Top 10 Chinese Calligraphy Works You Should not Miss

Top 10 Chinese Calligraphy Works You Should not Miss
By Leon Long
China Expert

You can find many beautiful calligraphy works in museums in China and in international museums like the Metropolitan Museum of Art, but the following ten works are regarded as the best of them.

No. 10 Poems in Cursive Script (草书诗帖)

  • Author: Zhu Yunming (1461-1527)
  • Date written: 15th century
  • Script Style: Cursive Script
  • Size: 1147.5 x 36.1 cm
  • Where it is housed: National Palace Museum in Taipei

Zhu Yunming is an important poet and calligrapher of the Ming Dynasty. He was listed as one of the “four talents of Wuzhong (modern Suzhou)”. The other three are Tang Yin, Wen Zhengming and Xu Zhenqing. An uninhibited, highly creative calligrapher, Zhu is best known for his “wild” cursive script inspired by the Tang dynasty masters Zhang Xu (ca. 700–750) and Huaisu (ca. 735–800) and by the Song scholar-poet Huang Tingjian (1045–1105).

The Poems in Cursive Script included four poems composed by the accomplished poet Cao Zhi from the Three Kingdoms (220-280). The style of this calligraphy work is similar to that of Zhang Xu and Huai Su, but the basic techniques, including the brushwork, stippling, and structure of characters, all reflect a combination of various calligraphy schools since Wang Xizhi and Wang Xianzhi in the 4th century.

No. 9 Odes to the Red Cliff (前后赤壁赋)

  • Author: Zhao Mengfu (1254 – 1322)
  • Date written: 1301
  • Script Style: Running Script
  • Size: 11.1 x 27.2 cm
  • Where it is housed: National Palace Museum in Taipei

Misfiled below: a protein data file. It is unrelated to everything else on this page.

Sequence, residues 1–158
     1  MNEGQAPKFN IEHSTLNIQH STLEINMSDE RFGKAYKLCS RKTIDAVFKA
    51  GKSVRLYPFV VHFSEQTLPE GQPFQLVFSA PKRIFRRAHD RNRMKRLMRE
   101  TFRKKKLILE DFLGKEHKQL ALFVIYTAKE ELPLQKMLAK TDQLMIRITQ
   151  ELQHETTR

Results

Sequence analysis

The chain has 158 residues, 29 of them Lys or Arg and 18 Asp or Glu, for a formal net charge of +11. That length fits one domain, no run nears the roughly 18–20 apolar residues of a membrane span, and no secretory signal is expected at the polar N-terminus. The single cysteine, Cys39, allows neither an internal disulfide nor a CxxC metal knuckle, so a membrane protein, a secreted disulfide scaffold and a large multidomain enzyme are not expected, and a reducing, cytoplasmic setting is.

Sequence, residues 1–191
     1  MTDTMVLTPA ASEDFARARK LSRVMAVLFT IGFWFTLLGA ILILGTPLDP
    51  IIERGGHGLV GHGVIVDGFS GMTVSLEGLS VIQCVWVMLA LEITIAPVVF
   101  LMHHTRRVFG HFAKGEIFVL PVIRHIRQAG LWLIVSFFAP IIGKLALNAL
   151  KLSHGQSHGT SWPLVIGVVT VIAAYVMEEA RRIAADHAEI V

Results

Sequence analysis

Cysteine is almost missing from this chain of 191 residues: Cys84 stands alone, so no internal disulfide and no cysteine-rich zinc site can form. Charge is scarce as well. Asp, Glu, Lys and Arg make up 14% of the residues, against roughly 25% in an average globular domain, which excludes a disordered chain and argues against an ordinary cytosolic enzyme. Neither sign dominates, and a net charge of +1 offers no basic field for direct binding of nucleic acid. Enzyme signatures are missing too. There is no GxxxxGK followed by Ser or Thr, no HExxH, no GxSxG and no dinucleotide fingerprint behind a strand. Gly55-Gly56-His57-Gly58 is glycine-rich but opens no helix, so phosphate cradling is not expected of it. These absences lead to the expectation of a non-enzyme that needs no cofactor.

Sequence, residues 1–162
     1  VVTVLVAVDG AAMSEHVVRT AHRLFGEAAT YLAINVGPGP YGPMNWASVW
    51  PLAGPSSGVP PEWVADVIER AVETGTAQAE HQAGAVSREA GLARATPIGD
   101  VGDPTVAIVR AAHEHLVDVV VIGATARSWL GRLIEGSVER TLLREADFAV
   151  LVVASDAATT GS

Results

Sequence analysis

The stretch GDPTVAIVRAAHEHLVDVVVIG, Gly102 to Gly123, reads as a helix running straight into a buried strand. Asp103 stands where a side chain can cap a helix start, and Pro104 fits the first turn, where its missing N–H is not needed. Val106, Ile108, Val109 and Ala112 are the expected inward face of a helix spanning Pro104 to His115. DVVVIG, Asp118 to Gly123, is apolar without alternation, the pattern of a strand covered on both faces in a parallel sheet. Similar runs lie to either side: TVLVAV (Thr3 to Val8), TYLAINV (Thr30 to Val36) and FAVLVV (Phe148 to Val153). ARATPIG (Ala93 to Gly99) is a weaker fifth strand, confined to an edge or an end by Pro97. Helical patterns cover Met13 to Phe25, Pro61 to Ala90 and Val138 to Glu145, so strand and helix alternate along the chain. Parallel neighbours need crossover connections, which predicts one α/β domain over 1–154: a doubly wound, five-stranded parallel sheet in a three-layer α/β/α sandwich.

Zhao Mengfu was a descendant of the royal family of the Song dynasty (960–1279) and had been educated in the imperial university. The Southern Song dynasty (1127– 1279) fell to the conquering foreign Mongolian government when Zhao Mengfu was in his mid-twenties. His decision to serve the new Yuan court a few years later was not made easily and made him a controversial figure in Chinese art history. Nevertheless, he was the preeminent painter and calligrapher of the early Yuan dynasty (1279- 1368), and one of the most versatile and subtle artists in the Chinese tradition. As a leading calligrapher, Zhao advocated a return to ancient models, successfully integrating styles of the Jin (265–420) and Tang (618-907) dynasties to create a new synthesis in both regular and cursive scripts.

Red Cliff was the site of a major battle between the forces of Northern China led by the warlord Cao Cao and the allied defenders of the south under the command of Liu Bei and Sun Quan in 208 CE. Cao Cao was defeated by the southern coalition and driven back north, ending his dream of unifying China under his rule. In 1082, the writer Su Shi (1037-1101) traveled to this historic site and wrote two “Odes to the Red Cliff”, significantly contributing to the annals of Chinese literature. Artists of subsequent dynasties created numerous works to commemorate Su Shi and his odes, including the "Red Cliff" painting and calligraphy works. For calligraphy works, Odes to the Red Cliff by Zhao Mengfu is the most famous. He embodies the essence of calligraphy of earlier generations, particularly benefiting from Wang Xizhi and Wang Xianzhi.

No. 8 Thousand-character Essay in Cursive Script (草书千字文)

  • Author: Zhao Ji (1082 – 1135)